We want to build a company that is family friendly so other parents can find more flexible and fulfilling work.
Since setting up the business what’s been your biggest success to date?
It was securing our first retailer and launching the pilot – it was such a great feeling and very proud moment. It took a little longer than we expected to launch and we had to overcome some challenges we didn’t expect but it was all worth once the service went live and people could actually use it. Now we are working to build our retailer partnerships so we can get all the shops that kids and teens love!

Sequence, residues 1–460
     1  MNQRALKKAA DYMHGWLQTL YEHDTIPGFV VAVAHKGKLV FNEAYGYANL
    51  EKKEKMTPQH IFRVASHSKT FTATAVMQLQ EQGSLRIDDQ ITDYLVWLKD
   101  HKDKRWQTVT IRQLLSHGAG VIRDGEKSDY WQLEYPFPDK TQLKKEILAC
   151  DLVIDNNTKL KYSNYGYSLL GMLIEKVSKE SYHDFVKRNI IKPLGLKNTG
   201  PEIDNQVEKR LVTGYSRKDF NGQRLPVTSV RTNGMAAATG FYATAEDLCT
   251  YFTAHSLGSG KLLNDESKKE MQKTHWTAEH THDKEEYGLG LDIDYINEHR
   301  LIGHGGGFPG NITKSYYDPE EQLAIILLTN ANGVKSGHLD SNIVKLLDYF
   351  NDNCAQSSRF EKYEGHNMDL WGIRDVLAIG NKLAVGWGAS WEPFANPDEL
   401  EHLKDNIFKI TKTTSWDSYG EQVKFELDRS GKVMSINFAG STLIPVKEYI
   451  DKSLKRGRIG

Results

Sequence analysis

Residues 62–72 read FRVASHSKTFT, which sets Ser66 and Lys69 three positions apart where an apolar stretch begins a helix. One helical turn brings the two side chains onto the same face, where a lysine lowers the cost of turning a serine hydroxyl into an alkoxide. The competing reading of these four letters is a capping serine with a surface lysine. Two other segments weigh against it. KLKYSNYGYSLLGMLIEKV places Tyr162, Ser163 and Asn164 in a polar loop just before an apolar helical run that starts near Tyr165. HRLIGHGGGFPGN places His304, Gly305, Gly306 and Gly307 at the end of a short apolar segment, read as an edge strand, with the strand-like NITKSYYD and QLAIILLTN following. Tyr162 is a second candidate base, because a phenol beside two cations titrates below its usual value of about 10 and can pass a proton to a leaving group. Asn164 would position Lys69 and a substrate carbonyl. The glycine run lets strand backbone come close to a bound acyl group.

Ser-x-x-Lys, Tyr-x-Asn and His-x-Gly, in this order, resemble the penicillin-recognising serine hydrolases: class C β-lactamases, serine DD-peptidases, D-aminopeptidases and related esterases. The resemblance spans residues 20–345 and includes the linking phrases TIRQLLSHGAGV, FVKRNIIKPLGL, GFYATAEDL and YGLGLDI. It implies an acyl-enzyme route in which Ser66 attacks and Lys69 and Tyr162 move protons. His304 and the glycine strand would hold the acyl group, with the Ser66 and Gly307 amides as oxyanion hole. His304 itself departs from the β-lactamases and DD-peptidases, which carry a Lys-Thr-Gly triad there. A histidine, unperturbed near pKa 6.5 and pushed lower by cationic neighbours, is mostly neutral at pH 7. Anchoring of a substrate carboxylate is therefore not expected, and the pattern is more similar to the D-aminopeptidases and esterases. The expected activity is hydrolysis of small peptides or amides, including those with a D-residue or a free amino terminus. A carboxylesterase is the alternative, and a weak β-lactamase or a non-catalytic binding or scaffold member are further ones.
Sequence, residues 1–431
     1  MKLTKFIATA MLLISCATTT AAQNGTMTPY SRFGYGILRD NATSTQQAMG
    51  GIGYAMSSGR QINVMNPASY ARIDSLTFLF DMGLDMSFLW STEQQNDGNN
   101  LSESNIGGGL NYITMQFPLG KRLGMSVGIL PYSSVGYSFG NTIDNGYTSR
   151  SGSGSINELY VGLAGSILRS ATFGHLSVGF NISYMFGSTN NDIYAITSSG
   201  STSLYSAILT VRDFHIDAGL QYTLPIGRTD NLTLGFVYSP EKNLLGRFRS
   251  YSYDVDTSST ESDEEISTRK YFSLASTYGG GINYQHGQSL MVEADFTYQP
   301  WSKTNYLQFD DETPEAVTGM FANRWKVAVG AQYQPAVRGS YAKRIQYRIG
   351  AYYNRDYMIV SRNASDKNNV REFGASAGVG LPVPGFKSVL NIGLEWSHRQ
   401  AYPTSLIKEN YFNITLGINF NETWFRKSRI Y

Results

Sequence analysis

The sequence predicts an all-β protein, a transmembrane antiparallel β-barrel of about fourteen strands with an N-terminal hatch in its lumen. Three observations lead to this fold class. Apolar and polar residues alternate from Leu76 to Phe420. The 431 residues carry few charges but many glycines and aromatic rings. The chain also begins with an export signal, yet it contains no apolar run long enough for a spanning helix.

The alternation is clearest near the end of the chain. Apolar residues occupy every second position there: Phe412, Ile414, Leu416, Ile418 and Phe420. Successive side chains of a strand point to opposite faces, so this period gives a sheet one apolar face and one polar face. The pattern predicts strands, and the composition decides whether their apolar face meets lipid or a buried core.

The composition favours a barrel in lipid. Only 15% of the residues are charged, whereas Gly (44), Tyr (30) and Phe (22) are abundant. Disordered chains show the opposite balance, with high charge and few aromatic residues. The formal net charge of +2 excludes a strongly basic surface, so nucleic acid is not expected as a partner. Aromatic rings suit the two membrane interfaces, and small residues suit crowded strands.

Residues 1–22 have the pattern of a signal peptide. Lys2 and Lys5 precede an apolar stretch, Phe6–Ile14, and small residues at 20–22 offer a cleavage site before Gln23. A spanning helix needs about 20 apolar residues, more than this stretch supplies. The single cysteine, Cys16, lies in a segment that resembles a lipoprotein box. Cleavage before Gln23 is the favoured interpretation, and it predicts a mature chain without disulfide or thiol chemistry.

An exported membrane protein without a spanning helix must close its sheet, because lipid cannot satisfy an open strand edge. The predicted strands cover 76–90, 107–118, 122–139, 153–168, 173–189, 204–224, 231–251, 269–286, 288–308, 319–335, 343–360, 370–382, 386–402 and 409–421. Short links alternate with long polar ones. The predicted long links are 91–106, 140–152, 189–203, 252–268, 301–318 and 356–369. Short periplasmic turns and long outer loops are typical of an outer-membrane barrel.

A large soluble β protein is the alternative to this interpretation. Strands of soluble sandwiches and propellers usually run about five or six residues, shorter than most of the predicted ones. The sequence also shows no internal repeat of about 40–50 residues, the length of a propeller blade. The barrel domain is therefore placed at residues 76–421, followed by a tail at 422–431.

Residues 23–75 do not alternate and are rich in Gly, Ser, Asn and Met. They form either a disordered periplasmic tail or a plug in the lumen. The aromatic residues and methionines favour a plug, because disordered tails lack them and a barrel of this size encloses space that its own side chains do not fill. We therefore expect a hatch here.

What’s your top tip for Mums who are thinking about setting up their own business?
It is scary to start up on your own but take the first step and start working on your business. The amount of work feels daunting but, take that first step and you will see that things start happening.
Be kind to yourself as things won’t go as planned all the time, they mostly don’t go as you planned; learn from mistakes and move on. Sometimes it feels like we are not making any progress but, again, take a step back to reflect on all you have achieved, that motivates you to keep going!
If you like what you’re reading and would love to be part of my Mums in Business series just drop me an email: firstname.lastname@example.org. Or have a nose at some of the other businesses I have featured in the series: Wild Tribe Hereos, Little Beau Sheep, and The Individualist.